Location: Columbus, OH
Venue: Newport Music Hall
Date: April 16, 2014
Cost: $29 ($25 + $4 in “convenience” fees)
Merch purchases: One Kishi Bashi t-shirt ($15)
By: Kris Kotlarik
This is probably something I should have done long ago, but Over The Seize is rolling out a new live review format, the guide to which can be found here.
When it comes to acoustic shows, there is rarely a middle ground; I either love it or am completely disinterested by it. And it is a really odd that I, a “metalhead” by most metrics, would start a live show review feature with an acoustic set and an indie rock radio staple, but:
A: The upside to not thinking about genres is that you’ll always surprise those who do.
B: Kishi Bashi (a pseudonym for Kaoru Ishibashi) is amazing.
I became enthralled by Kishi Bashi’s music last year and since then missed an opportunity to catch him at the Fashion Meets Music Festival (FMMF) later that summer. And even though I was having an epically awful series of days and mostly wanted to cover the whole week in gas and set it on fire, I dragged myself out and was treated to a performance that exceeded my already-lofty expectations.
Watching Kishi Bashi play “acoustic” is a sight to behold; he has one violin, which he is quite proficent at, as well as two microphones, an adept beatboxing skill set, and an outlandish gear armada that helps to loop all of this together. On top of this highly advanced getup is his on-stage personality, as he comes across as an extremely genuine performer. Things got off to a rocky start when he spent a little bit too much time trying to get the crowd to clap with him, but something seemed to click from there and he managed to get the audience engaged without making frequent use of the typical live cliches.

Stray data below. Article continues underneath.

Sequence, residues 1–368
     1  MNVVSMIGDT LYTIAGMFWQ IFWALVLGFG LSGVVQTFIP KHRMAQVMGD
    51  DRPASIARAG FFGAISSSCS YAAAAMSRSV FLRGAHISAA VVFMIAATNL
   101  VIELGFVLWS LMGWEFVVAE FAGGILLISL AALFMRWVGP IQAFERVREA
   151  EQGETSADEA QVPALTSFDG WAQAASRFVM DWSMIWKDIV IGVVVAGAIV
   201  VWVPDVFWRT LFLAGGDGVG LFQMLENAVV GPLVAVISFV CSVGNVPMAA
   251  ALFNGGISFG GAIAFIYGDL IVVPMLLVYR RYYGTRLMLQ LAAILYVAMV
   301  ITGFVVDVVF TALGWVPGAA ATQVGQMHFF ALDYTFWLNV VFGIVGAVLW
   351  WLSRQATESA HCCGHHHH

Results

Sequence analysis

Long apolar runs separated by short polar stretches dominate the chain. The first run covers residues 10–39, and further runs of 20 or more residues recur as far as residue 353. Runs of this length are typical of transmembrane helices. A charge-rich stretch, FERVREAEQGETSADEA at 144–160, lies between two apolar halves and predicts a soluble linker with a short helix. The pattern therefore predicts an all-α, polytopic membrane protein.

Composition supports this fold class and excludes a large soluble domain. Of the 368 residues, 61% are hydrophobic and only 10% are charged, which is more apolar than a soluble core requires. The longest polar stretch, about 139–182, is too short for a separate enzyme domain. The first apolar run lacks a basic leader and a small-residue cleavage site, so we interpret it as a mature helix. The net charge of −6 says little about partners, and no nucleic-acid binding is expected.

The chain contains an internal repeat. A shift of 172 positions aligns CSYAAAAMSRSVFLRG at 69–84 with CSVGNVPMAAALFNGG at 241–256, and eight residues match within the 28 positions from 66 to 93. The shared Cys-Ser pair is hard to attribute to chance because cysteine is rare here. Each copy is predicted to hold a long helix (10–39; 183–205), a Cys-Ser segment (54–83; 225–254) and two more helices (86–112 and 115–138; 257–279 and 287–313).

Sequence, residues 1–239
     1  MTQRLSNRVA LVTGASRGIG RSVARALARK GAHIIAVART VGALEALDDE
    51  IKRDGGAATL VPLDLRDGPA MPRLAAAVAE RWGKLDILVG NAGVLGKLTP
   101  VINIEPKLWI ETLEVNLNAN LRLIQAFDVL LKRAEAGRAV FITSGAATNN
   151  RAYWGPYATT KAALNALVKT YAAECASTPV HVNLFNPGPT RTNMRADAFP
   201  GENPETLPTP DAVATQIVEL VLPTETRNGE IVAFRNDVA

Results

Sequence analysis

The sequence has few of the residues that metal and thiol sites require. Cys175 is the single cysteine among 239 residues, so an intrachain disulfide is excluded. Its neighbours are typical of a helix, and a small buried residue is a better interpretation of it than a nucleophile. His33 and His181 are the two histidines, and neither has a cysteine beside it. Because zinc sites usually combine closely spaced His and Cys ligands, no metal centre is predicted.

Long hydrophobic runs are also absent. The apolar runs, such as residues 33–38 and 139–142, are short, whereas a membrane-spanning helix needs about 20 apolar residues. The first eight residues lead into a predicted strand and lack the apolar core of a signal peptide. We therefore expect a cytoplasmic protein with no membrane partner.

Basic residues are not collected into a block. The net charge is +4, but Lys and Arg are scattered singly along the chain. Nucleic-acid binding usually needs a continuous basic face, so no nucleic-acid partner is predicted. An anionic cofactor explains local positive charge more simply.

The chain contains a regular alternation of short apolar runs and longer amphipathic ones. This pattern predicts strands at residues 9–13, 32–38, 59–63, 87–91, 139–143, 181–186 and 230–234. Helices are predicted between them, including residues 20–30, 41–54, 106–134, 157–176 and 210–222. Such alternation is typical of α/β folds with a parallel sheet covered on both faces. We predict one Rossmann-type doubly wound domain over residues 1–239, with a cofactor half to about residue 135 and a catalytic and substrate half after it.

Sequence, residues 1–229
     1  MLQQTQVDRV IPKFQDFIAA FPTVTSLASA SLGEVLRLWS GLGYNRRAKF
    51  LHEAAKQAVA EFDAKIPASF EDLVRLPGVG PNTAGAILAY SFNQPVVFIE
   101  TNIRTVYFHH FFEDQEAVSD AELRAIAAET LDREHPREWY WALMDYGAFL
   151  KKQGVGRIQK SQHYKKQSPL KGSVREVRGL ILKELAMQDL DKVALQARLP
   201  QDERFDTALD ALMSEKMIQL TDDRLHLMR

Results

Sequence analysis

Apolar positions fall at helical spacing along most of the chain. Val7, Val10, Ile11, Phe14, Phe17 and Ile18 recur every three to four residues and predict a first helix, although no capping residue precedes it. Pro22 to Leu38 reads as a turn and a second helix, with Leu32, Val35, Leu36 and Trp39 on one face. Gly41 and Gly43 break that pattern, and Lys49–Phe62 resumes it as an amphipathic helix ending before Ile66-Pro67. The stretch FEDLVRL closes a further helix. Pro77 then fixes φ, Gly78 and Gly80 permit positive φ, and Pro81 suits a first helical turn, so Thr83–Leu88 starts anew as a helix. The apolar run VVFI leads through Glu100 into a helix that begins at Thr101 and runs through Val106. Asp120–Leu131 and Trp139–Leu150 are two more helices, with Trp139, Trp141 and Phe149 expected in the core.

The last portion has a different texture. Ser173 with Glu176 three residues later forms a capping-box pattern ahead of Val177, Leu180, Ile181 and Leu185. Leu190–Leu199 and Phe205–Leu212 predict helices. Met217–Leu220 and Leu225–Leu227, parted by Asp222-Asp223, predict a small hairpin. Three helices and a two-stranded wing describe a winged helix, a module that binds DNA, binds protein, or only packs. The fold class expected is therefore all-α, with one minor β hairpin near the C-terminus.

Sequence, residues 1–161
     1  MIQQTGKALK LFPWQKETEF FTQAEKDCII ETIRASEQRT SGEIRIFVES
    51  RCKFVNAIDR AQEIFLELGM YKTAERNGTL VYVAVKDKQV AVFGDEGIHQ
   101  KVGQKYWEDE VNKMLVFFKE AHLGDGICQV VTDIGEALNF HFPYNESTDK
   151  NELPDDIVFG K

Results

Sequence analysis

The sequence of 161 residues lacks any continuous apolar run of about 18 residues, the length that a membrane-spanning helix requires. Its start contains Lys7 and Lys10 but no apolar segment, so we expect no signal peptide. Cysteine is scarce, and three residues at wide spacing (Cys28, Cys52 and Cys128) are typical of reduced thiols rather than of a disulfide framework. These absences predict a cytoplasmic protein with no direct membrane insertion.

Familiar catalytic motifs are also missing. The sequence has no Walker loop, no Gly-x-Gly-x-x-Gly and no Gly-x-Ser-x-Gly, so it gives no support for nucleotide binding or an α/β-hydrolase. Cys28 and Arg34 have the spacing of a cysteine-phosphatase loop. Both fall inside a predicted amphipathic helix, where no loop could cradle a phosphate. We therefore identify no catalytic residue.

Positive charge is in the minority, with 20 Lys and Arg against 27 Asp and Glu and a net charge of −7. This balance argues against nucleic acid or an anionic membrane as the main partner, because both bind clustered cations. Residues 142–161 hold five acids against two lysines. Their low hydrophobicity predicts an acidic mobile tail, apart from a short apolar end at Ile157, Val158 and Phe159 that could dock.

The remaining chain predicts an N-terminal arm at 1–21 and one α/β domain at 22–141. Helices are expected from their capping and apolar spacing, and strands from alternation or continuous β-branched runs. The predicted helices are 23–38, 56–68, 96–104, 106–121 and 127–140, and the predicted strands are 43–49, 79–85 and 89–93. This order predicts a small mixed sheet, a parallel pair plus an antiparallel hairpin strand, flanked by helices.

The other quirk to his set was the frequent improv breaks, most notably one section towards the end in which he reached for his phone in order to record his latest looping creation. He apologized profusely and acknowledged how unprofessional it probably looked for a musician to be putzing around with their phone onstage. But he has absolutely nothing to apologize for, as his improv was just as captivating and entertaining as the songs themselves.
Among the best cuts was the closing tune, “Manchester” off of 151a, which, while good, was merely a slight letdown from some of the ludicrously amazing live video footage of this track. Nonetheless, the payoff is immense and rewarding. While setlists matter, it doesn’t really matter in a case like this. Even songs like “The Ballad of Mr. Steak” and “Bright Whites,” two typically upbeat indie dance tracks, were presented in a way that was enjoyable for the most casual of listeners. Songs that were already solid in their studio form, like “It All Began With A Burst,” took on a different and exciting feel with Ishibashi looping loops within loops on top of loops to create a coherently chaotic concoction. His vocals were also stellar, never wavering.
As an added bonus, Ishibashi is quite enjoyable to talk to offstage; he spent a rather large amount of time at the merch table talking to fans and posing for pictures. He seemed to be, for lack of a better word and meant in the best way possible, inquisitive of my Strapping Young Lad hoodie. Next time, I’ll bust out my Skeletonwitch shirt and see what he says.